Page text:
Los espíritus relocalizados [Relocalized spirits] / Group Exhibition / Curator: Sebastián Vidal Mackinson
HACHE | Buenos Aires, Argentina / September 26 to November 3, 2018

Los espíritus relocalizados [Relocalized Spirit]

The works by Santiago Contreras Soux (Bolivia), Juan Duque (Colombia), Patricio Gil Flood (Argentina), and Marco Pando (Peru) in the exhibition Los espíritus... put forth different visions of the topos of journey, territory, and leisure in the work of South American artists. The show lays out a relationship between history, landscape, vision, and gender while examining the plausibility of “peripheral” artists effectively tackling that relationship.

The nature of the “artistic journeys” to Europe taken by South American artists in the late nineteenth and early twentieth centuries has been altered in the present by the coordinates of cognitive capitalism and the development of critical tools for symbolic decolonization. Many different actors take part in academic programs, residencies, and alike devised using epistemic instruments developed in the Old Continent that envision the art field as a place to uphold thought, as a tool of emancipation. Their careers take shape as part of a global meta-culture to which negotiation with a set of artistic operations and methodologies for international codification is indispensable.

Los espíritus... exhibits visual artifacts that problematize the topics of the journey, the configuration of the landscape, and the notion of history as totalizing discourse. These artists’ critical vision, consolidated by years of circulation in Europe, enable them to navigate the expectations that take shape around South American production, as well as regimes of representation and visuality that establish authority in the representations of those topics.

What type of expectations and knowledge is navigated? The figures of the artist and of the researcher are connected to the development of European modernism, and the image it has created of itself and of the regions and agents it has called “periphery.”Specific regimes of vision in the colonial project constituted a corpus of images of South America as place and as set of characteristics. With that operation, the landscape was transformed from territory to scene, and its inhabitants exoticized and rendered capable of being represented, classified, politicized, and ideologized. The use of the entire range of gnosiologies available for mediation and classification in the discovery of “new worlds” implied not only a process of representation but also of creation. The works in this exhibition, meanwhile, diagram visual exercises on the constructs of journey, immigration, landscape, and the use of time. They revert the operations by which, with critical humor, the relationship between art, culture, and internalization upends the declaration of an essentiality for South American art in terms of a set of topics and procedures. They do so by insisting on the permeability of zones of contextual and global contact between the local and the international.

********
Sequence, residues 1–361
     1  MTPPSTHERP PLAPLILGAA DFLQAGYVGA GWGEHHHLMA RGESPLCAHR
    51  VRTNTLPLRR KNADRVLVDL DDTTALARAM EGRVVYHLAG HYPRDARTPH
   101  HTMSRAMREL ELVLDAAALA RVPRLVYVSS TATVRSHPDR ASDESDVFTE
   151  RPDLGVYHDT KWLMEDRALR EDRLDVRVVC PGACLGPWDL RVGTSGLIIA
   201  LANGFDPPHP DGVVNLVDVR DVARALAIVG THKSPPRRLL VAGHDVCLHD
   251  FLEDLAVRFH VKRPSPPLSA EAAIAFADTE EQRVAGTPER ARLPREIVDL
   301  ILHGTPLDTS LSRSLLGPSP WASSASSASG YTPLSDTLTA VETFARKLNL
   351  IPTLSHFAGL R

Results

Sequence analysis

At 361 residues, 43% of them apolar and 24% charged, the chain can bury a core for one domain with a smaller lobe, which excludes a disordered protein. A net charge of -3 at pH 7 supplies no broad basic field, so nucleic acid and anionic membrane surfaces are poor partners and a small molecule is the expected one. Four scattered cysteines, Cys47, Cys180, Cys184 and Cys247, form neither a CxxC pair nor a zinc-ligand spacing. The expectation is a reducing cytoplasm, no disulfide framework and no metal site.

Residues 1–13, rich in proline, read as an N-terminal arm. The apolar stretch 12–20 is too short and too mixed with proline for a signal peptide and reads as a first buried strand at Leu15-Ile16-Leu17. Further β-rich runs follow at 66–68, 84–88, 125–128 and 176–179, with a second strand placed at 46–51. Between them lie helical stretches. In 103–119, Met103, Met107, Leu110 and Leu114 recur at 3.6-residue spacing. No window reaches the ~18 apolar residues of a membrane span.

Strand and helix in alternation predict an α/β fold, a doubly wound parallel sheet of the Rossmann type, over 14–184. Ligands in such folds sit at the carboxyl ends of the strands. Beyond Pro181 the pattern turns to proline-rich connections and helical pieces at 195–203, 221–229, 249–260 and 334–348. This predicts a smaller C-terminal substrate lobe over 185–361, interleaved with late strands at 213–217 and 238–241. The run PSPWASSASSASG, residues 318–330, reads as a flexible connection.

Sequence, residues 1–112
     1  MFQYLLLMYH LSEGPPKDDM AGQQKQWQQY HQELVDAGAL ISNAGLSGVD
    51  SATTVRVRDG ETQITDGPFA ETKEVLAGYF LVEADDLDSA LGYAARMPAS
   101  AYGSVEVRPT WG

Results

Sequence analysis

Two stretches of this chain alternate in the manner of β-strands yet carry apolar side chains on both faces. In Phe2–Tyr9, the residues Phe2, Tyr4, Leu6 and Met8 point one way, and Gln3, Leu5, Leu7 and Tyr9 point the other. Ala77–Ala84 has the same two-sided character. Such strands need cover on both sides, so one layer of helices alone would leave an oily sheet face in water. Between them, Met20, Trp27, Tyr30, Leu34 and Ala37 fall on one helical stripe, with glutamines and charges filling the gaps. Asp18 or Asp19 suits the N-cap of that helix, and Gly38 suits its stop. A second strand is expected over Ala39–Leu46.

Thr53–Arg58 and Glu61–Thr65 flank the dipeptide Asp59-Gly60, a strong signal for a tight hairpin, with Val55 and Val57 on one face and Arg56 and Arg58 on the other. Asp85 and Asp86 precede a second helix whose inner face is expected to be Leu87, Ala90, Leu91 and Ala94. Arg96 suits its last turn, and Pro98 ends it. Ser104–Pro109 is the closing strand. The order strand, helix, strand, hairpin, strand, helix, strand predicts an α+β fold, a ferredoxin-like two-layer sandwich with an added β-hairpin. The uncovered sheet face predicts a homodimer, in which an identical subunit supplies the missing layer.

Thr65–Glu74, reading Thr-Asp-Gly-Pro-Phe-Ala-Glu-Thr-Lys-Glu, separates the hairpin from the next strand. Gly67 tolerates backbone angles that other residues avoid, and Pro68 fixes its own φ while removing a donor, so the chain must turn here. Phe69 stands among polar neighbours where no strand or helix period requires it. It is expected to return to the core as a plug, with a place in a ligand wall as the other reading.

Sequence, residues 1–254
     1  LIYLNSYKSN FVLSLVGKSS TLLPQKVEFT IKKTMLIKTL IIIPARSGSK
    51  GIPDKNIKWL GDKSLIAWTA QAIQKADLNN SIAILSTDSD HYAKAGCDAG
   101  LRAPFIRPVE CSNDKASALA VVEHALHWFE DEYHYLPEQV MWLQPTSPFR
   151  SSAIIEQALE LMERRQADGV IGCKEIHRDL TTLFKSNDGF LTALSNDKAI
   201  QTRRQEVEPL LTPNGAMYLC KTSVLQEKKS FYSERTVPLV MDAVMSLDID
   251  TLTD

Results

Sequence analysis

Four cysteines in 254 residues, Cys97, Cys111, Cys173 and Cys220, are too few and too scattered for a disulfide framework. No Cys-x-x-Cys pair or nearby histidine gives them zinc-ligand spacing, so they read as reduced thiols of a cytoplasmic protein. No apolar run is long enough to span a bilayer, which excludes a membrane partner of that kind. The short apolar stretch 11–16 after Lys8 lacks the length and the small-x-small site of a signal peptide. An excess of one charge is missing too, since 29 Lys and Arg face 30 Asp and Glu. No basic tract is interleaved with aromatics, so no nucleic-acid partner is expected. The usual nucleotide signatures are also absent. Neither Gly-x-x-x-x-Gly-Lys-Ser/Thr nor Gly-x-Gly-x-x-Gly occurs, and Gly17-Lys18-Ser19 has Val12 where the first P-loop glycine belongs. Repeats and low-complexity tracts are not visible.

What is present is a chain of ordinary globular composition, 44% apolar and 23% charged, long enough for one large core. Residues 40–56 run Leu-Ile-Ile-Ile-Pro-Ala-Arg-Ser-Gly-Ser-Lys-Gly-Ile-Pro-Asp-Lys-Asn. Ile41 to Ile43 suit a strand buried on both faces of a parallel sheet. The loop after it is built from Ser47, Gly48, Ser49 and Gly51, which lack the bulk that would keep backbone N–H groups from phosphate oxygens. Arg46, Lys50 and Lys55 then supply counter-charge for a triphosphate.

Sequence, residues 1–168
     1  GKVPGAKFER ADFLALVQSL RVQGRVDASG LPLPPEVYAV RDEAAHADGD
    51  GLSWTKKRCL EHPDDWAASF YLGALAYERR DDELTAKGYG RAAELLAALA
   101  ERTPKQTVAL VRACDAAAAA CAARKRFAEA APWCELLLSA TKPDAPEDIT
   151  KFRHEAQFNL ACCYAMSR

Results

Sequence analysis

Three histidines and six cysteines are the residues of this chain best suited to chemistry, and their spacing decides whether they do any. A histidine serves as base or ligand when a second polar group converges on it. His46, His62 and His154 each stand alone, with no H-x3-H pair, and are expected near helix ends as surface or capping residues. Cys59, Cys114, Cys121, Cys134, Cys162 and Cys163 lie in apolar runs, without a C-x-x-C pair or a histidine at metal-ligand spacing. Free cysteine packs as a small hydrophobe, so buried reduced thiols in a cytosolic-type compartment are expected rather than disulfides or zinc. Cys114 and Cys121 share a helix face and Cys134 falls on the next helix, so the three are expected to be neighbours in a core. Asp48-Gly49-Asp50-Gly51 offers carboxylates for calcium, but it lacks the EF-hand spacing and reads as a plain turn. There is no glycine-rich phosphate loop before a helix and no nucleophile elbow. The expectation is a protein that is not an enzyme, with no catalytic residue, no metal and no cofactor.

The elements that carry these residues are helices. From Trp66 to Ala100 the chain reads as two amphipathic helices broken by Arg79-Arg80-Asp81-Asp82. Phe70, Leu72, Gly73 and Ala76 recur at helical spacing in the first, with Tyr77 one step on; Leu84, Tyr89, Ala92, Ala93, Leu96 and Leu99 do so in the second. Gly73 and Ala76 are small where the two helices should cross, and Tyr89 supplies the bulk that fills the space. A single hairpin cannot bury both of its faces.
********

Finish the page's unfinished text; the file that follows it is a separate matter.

This exhibition is also part by long-standing research that has taken shape in, among other things, Europa (prize for young curators, arteBA 2015), an exhibition with works by women artists Milena Bonilla (Colombia), Nicole Franchy (Peru), Amalia Pica (Argentina), and Luisa Ungar (Colombia). The works in that show lucidly addressed the same set of topics as the works in this one, a next chapter of sorts. Los espíritus..., however, includes other visions as it displays artifacts constructed by men in which humor is, once again, a major factor.

Time and its use as leisure, as diversion, as rest, as something other than efficient production; the authority to configure landscapes by appropriating an artistic-historical semantic to position the body as critical device; humor as critical tool of exoticism and figurative constructions of national territory; clear mental focus in order to find parallel interventions taken from different contexts, the folds that the steamroller of history has not been able to flatten out ...

The critical spirit that is not lost in the firework glitters of artifice, but rather relocated.

Sebastián Vidal Mackinson

ph. Ignacio Iasparra